Dramatic Arts Grade 12

This course requires students to experiment with forms and conventions in Deaf dramatic literature, and to create/adapt and present dramatic works.  Students will present works by Deaf playwrights, and develop original material based on personal narratives, or Deaf community issues.  Students will do research on dramatic forms, conventions, themes, and theories of acting and directing from different historical periods, and apply their knowledge of these in analysing and interpreting dramatic literature, including works by Deaf playwrights and works by hearing playwrights. Students will also examine the significance of dramatic arts in both cultures and examine the difference between adapted works and distinctly Deaf cultural dramatic works.Note: The Deaf experience is distinctly different from the mainstream experience and it is reflected in the representation of the Deaf characters in the play. This presents an opportunity for students to analyze the differences between the Deaf and hearing experiences and its influence on the development of a play through different levels from the role itself, the playwrights to adaption and/or interpretation of an accomplished play.Reference: For a list of links, please click on “Dramatic Arts Resources”.Overall ExpectationsBy the end of this course, students will:
• describe historical and contemporary approaches to acting, directing, and play writing Deaf drama productions;
• describe how Deaf culture can be applied or considered when creating, presenting or analysing theatrical works (e.g., elements, principles, and techniques of dramatic arts);
• describe the origins and characteristics of different Deaf dramatic productions from a variety of dramatic forms and periods, including the late twentieth century;
• evaluate the contribution of dramatic arts to Deaf individuals and the Deaf community;
• create and sustain Deaf characters that are consistent with their interpretations and with the intentions of the script;
• describe how a variety of dramatic forms are used by hearing culture and communities to preserve and communicate aspects of culture;
• adapt or interpret a variety of dramatic works, focusing on works by Deaf playwrights;
• analyse and evaluate Deaf and hearing theatre presentations, using the terminology of dramatic arts correctly;
• analyse the personal, social, and cultural impact of dramatic arts;

Specific Expectations

By the end of this course, students will:
• describe the acting styles employed for different genres of theatre.
• describe a range of techniques used to train the signing style and facial expression of a role (e.g., articulation and projection of a young Deaf female character);
• describe and contrast the development of Canadian Deaf theatre, focusing on some specific aspects with other cultures’ theatre development (e.g., playwrights, works, regional theatres, docutheatre);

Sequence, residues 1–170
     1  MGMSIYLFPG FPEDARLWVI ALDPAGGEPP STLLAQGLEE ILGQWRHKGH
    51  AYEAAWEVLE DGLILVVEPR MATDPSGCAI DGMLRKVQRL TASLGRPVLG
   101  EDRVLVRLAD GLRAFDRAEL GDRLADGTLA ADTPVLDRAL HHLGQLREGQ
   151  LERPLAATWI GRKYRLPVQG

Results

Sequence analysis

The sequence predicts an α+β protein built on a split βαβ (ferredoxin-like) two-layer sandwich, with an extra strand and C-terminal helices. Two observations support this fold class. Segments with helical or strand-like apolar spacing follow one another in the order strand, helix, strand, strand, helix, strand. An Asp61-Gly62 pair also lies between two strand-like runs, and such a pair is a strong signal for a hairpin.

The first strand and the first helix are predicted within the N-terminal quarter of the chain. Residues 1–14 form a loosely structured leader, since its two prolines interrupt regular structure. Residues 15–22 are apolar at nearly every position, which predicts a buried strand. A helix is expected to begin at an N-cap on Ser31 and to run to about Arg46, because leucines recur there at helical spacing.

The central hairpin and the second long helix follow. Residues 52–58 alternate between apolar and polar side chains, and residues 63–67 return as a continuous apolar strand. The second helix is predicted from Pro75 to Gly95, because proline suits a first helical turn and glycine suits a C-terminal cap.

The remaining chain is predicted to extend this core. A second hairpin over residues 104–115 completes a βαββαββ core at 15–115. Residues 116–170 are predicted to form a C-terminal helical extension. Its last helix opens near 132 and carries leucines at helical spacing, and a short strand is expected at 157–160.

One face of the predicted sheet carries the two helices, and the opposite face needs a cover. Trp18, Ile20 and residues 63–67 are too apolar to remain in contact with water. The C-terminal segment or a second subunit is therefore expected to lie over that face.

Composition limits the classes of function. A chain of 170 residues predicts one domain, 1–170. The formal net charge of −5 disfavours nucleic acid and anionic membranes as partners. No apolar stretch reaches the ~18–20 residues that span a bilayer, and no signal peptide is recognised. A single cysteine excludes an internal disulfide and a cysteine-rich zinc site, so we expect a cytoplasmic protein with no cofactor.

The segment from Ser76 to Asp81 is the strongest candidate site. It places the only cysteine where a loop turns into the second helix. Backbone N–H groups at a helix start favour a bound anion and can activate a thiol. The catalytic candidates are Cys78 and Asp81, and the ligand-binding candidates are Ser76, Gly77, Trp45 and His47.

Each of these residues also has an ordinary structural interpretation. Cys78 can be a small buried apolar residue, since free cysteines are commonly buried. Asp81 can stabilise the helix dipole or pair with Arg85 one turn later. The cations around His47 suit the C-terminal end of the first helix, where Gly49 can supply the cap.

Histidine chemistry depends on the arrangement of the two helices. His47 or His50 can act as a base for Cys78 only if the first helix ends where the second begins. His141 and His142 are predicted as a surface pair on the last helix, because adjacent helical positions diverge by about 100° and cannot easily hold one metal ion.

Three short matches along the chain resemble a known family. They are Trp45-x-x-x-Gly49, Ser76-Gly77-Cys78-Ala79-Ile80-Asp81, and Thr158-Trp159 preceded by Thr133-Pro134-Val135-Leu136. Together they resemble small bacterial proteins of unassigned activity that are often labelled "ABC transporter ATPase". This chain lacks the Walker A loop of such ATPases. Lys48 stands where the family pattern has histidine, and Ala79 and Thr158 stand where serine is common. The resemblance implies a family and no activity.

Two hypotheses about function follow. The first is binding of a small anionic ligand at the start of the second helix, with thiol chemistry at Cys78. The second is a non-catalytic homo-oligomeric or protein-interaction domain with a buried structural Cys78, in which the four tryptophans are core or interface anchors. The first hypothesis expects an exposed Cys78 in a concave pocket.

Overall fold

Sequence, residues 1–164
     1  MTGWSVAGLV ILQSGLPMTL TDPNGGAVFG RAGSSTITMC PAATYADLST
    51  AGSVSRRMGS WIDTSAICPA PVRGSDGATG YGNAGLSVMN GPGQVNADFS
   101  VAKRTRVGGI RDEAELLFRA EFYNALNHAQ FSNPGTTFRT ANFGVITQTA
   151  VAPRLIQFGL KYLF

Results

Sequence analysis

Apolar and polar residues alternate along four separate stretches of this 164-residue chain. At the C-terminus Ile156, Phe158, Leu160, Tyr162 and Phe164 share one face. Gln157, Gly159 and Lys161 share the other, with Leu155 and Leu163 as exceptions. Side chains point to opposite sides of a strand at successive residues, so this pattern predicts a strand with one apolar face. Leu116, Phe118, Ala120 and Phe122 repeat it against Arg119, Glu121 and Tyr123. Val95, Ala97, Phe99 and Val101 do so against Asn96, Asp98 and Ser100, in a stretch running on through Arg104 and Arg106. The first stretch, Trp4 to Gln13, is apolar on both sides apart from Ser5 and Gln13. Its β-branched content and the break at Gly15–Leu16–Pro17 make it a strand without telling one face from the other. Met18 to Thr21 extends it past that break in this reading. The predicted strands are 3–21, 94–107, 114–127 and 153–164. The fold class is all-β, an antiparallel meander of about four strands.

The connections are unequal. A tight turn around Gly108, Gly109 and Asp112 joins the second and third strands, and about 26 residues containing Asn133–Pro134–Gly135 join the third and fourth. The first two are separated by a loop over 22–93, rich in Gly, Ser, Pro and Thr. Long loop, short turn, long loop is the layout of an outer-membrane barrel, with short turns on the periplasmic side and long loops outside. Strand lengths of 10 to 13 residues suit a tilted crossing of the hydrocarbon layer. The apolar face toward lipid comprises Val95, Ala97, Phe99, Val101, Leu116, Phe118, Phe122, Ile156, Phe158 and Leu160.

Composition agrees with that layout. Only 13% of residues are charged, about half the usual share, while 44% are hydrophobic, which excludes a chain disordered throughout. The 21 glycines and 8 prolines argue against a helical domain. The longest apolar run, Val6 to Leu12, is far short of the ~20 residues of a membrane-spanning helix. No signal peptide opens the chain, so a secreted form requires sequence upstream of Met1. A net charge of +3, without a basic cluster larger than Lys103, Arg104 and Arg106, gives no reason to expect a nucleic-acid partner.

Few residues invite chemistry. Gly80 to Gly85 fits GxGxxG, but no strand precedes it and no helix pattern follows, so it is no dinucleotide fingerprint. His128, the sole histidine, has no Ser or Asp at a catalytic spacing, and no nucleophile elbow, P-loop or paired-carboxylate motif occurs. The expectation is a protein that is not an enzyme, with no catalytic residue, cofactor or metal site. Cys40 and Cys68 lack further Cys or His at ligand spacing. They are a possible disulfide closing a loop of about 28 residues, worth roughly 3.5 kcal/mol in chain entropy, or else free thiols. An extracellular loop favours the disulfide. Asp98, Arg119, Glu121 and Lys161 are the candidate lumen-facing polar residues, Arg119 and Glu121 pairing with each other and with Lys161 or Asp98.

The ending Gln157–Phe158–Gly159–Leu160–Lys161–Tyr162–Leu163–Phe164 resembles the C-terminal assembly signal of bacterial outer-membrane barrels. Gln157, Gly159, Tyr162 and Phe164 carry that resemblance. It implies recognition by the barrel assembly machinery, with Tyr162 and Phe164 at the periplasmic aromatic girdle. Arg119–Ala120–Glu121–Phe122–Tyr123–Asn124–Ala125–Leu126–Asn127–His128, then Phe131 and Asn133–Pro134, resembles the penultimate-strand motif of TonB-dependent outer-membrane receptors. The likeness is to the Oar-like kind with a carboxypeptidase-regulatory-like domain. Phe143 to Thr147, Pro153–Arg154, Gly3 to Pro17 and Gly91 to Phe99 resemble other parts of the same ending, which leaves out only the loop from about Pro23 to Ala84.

• describe how character and theme are communicated in different forms of theatre;
• describe the social and historical contexts of the plays studied;
• demonstrate an understanding of the function and importance of a Deaf playwright in the development and scripting of an original culturally Deaf scene or dramatic presentation;
• present a range of original or adapted Deaf dramatic works that address relevant student and/or community issues and concerns;
• demonstrate an understanding of the responsibility of all members of a theatre ensemble to develop and communicate the intended meaning or theme of a Deaf dramatic piece (e.g., portraying a Deaf character appropriately);
• create and present an original Deaf dramatic piece, choosing from a variety of dramatic forms, processes, and theories;
• take into account Deaf community interests and concerns when choosing dramatic works for presentation (e.g., opposition to presenting an issue-based drama to local elementary school students);
• explain how Deaf theatre can reflect and reinterpret issues, societal concerns, and the culture of the Deaf community;
• compare the contribution of Deaf theatre to the Deaf community, both past and present;
• explain how dramatic arts contribute to and represent Deaf culture and community;
• demonstrate an ability to review and contrast the differences between theatre performances created by Deaf and hearing playwrights with Deaf characters (e.g., Sign Me Alice by Deaf playwright, Gil Eastman and Children of a Lesser God by hearing playwright, Mark Medoff;
• select and prepare an adapted dramatic presentation expressing Deaf experience (e.g., scenes from Sign Me Alice and West Side story from the Broadway);
• describe the purposes & the hidden messages behind the plot, theme, texts and actions of the Deaf plays studied;
• describe and contrast the conventions of scripts developed by both Deaf and hearing playwrights for Deaf audience (e.g., Raymond Luczak, Willy Conley, Bernard Bragg, Gil Eastman, with contemporary hearing playwrights);
• describe the influence of historical period and type of audience on ways in which Deaf play writers have used the elements, principles, and techniques of dramatic arts to bring the Deaf experience to both the Deaf and hearing audience;
• identify and describe sources of conflict in a play (e.g., power relationships between the Deaf and hearing);
• identify the central metaphor of a Deaf production and connect it to their own lives;
• research and describe the career opportunities available in all aspects of production (e.g., careers in acting, designing, directing, writing) and related arts (eg film, television)

Translate »